‘‘My vision is to combine design and research activities in order to create integrated designs which are meaningful for my users by pursuing a user-centred approach’’
Technology can give meaning to its users and thus to society. As seen in everyday life, people seem to be dependent on their electronic devices. However, I think it is valuable to look at how technology can be integrated in people’s everyday life in a subtle way.
Over the past years, I have come to notice that most of the technologies we use are designed for individual use rather than for shared use. Since people are social animals, I believe that it is valuable to look at how we can design for shared settings. Therefore, a user-centered design approach is essential. Multi-user environments require insights of those involved in that specific context. Combining different research techniques to gain both qualitative and quantitative data can help to analyze these contexts in detail.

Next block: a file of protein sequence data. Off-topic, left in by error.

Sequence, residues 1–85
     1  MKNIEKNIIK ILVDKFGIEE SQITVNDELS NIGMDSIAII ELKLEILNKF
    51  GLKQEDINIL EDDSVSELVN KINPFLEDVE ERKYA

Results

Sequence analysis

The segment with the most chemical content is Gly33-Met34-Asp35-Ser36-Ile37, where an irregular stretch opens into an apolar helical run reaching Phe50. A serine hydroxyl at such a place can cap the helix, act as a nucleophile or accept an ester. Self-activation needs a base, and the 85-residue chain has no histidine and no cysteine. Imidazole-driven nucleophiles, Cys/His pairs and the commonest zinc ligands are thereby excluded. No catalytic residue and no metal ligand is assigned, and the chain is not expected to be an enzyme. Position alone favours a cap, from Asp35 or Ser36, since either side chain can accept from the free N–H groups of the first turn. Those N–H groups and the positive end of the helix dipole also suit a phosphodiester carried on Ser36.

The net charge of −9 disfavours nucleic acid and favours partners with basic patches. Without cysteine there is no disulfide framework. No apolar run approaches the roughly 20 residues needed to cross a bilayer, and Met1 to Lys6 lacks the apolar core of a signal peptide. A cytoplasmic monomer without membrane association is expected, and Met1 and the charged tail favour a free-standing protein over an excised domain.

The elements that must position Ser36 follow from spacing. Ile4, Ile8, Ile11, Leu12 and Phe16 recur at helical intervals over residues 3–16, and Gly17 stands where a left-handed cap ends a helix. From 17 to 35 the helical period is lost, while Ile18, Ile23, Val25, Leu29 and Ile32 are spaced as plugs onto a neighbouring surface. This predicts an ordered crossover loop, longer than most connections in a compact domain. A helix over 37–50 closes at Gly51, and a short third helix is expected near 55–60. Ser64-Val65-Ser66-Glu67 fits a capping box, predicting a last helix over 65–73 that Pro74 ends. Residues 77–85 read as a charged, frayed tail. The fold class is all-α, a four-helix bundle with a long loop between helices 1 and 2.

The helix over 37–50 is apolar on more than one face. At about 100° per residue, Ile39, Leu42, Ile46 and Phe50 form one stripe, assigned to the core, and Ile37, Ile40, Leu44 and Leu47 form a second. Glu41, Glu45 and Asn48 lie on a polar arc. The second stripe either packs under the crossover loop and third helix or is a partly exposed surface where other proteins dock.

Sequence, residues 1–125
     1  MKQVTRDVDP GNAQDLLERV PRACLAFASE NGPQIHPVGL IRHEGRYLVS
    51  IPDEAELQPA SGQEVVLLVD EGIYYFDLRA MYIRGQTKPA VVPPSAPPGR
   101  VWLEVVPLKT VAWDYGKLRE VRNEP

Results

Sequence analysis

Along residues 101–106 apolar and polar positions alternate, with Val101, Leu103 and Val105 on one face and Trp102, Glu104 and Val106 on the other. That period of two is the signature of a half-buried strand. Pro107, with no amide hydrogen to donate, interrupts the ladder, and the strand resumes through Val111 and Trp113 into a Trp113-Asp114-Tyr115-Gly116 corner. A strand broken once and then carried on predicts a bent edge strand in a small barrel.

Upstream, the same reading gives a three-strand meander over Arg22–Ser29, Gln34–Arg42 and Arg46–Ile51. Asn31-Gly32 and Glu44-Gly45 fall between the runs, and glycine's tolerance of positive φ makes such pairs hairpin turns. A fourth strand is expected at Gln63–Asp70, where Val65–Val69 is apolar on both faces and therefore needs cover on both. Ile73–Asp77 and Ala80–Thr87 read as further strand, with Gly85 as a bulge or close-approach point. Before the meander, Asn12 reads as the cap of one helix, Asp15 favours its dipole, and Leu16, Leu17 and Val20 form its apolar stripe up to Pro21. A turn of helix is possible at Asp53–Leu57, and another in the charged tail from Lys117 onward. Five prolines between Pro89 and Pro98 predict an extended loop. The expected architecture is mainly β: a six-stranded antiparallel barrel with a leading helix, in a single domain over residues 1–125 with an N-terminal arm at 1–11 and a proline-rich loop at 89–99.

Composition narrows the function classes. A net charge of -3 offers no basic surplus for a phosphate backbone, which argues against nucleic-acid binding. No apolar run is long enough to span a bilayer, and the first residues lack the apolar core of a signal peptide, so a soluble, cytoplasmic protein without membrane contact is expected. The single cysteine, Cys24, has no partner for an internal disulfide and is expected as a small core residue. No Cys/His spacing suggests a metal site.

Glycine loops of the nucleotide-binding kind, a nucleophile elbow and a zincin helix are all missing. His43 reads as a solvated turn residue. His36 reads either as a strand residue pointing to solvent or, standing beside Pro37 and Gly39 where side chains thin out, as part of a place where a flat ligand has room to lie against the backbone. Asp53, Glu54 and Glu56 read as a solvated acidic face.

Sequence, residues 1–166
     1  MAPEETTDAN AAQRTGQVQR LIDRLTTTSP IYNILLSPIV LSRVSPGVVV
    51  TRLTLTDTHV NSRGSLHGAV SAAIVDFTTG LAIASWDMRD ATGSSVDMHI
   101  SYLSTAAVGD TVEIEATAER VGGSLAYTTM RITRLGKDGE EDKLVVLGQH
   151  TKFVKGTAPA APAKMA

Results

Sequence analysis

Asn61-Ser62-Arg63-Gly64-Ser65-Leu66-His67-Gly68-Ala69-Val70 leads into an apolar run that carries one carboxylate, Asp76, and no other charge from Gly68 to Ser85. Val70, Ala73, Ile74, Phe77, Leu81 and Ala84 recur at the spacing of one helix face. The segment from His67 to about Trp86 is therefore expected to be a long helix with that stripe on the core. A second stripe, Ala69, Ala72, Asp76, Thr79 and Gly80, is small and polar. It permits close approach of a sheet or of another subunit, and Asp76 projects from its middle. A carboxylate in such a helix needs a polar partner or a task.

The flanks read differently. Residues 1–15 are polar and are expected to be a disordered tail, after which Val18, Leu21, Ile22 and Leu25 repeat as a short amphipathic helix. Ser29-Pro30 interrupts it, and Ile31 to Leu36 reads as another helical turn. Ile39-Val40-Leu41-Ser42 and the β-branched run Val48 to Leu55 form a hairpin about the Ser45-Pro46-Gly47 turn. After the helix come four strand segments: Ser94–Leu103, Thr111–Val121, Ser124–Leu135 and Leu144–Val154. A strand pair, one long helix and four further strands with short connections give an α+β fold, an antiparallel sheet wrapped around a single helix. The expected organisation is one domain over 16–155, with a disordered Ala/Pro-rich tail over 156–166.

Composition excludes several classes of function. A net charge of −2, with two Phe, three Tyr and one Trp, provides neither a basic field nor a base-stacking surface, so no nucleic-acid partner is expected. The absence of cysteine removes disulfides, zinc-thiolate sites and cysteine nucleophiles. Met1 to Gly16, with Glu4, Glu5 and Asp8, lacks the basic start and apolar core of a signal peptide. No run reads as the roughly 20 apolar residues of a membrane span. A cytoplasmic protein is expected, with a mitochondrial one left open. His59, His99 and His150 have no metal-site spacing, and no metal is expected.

In a world with fast developing technologies, I think it is important to get a grip on what users value in order to create meaning for them. That is why user-centred design processes fit my approach perfectly. I have experienced how valuable it is to have a close connection with the user and their stakeholders, and I find it interesting to go out in the field and observe what is happening in the users’ context. Through my involvement as a designer in the dementia care space, I have also noticed that multi-user interaction is not always successful. Though, reciprocal interaction within this context is very important. While observing what is happening in this context, I present myself in an empathic way towards my users, and simultaneously gaining insights on the needs of the people in the context. Combining my own findings and linking these to what I read in literature give me a great foundation for my design and research directions. Having said that, I believe that design is a strong means to research, and vice versa.